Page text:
More information

Punctuation in C. Identifiers and Expressions. Identifiers. Variables. Keywords. Identifier Examples

Punctuation in C. Identifiers and Expressions. Identifiers. Variables. Keywords. Identifier Examples Identifiers and Expressions CSE 130: Introduction to C Programming Spring 2005 Punctuation in C Statements are terminated with a ; Groups of statements are enclosed by curly braces: { and } Commas separate

More information

Data Integrator. Pervasive Software, Inc. 12365-B Riata Trace Parkway Austin, Texas 78727 USA

Data Integrator. Pervasive Software, Inc. 12365-B Riata Trace Parkway Austin, Texas 78727 USA Data Integrator Event Management Guide Pervasive Software, Inc. 12365-B Riata Trace Parkway Austin, Texas 78727 USA Telephone: 888.296.5969 or 512.231.6000 Fax: 512.231.6010 Email: info@pervasiveintegration.com

More information

C Programming Dr. Hasan Demirel

C Programming Dr. Hasan Demirel C How to Program, H. M. Deitel and P. J. Deitel, Prentice Hall, 5 th edition (3 rd edition or above is also OK). Introduction to C Programming Dr. Hasan Demirel Programming Languages There are three types

More information

C++ INTERVIEW QUESTIONS

C++ INTERVIEW QUESTIONS C++ INTERVIEW QUESTIONS http://www.tutorialspoint.com/cplusplus/cpp_interview_questions.htm Copyright tutorialspoint.com Dear readers, these C++ Interview Questions have been designed specially to get

More information

Dept. of CSE, IIT KGP

Dept. of CSE, IIT KGP Programming in C: Basics CS10001: Programming & Data Structures Pallab Dasgupta Professor, Dept. of Computer Sc. & Engg., Indian Institute of Technology Kharagpur Types of variable We must declare the

More information

JavaScript: Introduction to Scripting. 2008 Pearson Education, Inc. All rights reserved.

JavaScript: Introduction to Scripting. 2008 Pearson Education, Inc. All rights reserved. 1 6 JavaScript: Introduction to Scripting 2 Comment is free, but facts are sacred. C. P. Scott The creditor hath a better memory than the debtor. James Howell When faced with a decision, I always ask,

More information

C++ Keywords. If/else Selection Structure. Looping Control Structures. Switch Statements. Example Program

C++ Keywords. If/else Selection Structure. Looping Control Structures. Switch Statements. Example Program C++ Keywords There are many keywords in C++ that are not used in other languages. bool, const_cast, delete, dynamic_cast, const, enum, extern, register, sizeof, typedef, explicit, friend, inline, mutable,

More information

The IC Language Specification. Spring 2006 Cornell University

The IC Language Specification. Spring 2006 Cornell University The IC Language Specification Spring 2006 Cornell University The IC language is a simple object-oriented language that we will use in the CS413 project. The goal is to build a complete optimizing compiler

More information

Import Filter Editor User s Guide

Import Filter Editor User s Guide Reference Manager Windows Version Import Filter Editor User s Guide April 7, 1999 Research Information Systems COPYRIGHT NOTICE This software product and accompanying documentation is copyrighted and all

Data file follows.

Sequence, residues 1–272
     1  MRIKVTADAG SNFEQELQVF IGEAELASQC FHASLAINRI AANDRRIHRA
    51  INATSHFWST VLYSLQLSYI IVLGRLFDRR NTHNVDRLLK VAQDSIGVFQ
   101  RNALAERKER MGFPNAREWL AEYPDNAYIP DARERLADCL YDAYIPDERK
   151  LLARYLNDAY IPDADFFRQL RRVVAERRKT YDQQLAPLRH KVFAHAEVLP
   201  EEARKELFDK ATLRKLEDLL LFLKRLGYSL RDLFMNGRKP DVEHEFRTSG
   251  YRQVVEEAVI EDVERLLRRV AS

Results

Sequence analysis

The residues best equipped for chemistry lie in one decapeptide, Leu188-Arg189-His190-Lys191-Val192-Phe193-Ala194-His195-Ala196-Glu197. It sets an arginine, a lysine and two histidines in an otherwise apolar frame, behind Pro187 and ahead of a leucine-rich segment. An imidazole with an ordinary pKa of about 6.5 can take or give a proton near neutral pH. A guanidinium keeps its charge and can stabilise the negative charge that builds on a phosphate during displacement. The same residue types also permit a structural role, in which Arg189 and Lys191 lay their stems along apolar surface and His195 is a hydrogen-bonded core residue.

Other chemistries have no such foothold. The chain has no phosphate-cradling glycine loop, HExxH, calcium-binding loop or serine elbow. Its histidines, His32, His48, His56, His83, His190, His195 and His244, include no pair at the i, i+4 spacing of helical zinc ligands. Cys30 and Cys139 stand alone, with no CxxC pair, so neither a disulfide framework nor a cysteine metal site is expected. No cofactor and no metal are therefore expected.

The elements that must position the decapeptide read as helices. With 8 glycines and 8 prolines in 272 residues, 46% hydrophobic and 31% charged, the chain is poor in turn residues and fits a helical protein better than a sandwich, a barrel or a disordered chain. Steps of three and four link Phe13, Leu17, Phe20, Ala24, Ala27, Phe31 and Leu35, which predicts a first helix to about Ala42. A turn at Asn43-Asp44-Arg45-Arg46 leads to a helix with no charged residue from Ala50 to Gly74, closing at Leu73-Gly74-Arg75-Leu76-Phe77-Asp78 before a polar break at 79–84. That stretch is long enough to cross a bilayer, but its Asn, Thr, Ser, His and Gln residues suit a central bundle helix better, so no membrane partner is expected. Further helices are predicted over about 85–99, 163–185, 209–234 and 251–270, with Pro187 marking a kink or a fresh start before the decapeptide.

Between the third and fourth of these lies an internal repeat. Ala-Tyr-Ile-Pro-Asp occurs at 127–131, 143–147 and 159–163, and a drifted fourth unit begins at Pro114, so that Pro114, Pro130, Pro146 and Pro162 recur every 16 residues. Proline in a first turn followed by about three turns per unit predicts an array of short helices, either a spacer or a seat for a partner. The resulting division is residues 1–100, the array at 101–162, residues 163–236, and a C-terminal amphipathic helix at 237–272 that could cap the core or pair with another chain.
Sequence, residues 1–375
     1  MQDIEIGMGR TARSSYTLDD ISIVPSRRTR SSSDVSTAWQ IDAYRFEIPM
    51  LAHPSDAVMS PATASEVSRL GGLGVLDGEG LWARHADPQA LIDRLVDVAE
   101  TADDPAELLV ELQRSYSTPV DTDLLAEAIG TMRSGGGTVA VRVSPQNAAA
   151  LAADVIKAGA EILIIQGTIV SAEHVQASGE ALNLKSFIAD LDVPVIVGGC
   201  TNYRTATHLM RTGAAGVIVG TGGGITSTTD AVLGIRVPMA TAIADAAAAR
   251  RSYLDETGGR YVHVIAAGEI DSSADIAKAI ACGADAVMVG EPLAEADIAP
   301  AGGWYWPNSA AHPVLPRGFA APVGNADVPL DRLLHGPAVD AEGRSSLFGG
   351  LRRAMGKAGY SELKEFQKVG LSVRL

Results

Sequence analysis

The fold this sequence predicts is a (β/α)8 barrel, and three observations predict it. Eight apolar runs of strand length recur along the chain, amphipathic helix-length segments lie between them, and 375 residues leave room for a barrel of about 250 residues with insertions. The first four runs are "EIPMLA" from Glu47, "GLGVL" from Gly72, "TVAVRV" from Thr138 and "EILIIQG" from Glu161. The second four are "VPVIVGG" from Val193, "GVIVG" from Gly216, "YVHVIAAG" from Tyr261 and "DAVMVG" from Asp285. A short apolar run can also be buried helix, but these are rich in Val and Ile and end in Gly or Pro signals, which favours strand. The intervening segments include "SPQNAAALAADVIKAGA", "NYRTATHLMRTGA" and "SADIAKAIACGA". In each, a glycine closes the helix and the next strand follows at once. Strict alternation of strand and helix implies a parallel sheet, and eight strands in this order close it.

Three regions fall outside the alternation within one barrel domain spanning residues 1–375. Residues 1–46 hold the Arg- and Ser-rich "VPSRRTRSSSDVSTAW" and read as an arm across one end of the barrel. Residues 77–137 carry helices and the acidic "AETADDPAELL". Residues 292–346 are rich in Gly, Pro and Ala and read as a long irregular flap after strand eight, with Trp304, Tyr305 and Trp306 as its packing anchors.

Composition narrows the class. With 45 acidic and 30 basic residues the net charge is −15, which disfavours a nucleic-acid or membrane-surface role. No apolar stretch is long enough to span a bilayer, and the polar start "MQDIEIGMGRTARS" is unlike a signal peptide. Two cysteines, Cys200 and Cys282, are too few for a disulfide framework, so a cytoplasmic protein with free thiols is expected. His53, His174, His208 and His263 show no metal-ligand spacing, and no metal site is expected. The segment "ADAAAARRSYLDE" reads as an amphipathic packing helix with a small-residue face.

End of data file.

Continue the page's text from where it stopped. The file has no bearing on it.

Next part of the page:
More information

C programming. Intro to syntax & basic operations

C programming. Intro to syntax & basic operations C programming Intro to syntax & basic operations Example 1: simple calculation with I/O Program, line by line Line 1: preprocessor directive; used to incorporate code from existing library not actually

More information

Java (12 Weeks) Introduction to Java Programming Language

Java (12 Weeks) Introduction to Java Programming Language Java (12 Weeks) Topic Lecture No. Introduction to Java Programming Language 1 An Introduction to Java o Java as a Programming Platform, The Java "White Paper" Buzzwords, Java and the Internet, A Short

More information

Bachelors of Computer Application Programming Principle & Algorithm (BCA-S102T)

Bachelors of Computer Application Programming Principle & Algorithm (BCA-S102T) Unit- I Introduction to c Language: C is a general-purpose computer programming language developed between 1969 and 1973 by Dennis Ritchie at the Bell Telephone Laboratories for use with the Unix operating

More information

UNIT-1. C Programming & Data Structures. Introduction to Computers: Computing Environment: Types of Computing Environments:

UNIT-1. C Programming & Data Structures. Introduction to Computers: Computing Environment: Types of Computing Environments: Introduction to Computers: C Programming & Data Structures UNIT-1 A computer system consists of hardware and software. Computer hardware is the collection of physical elements that comprise a computer

More information

Ed. v1.0 PROGRAMMING LANGUAGES WORKING PAPER DRAFT PROGRAMMING LANGUAGES. Ed. v1.0

Ed. v1.0 PROGRAMMING LANGUAGES WORKING PAPER DRAFT PROGRAMMING LANGUAGES. Ed. v1.0 i PROGRAMMING LANGUAGES ii Copyright 2011 Juhász István iii COLLABORATORS TITLE : PROGRAMMING LANGUAGES ACTION NAME DATE SIGNATURE WRITTEN BY István Juhász 2012. március 26. Reviewed by Ágnes Korotij 2012.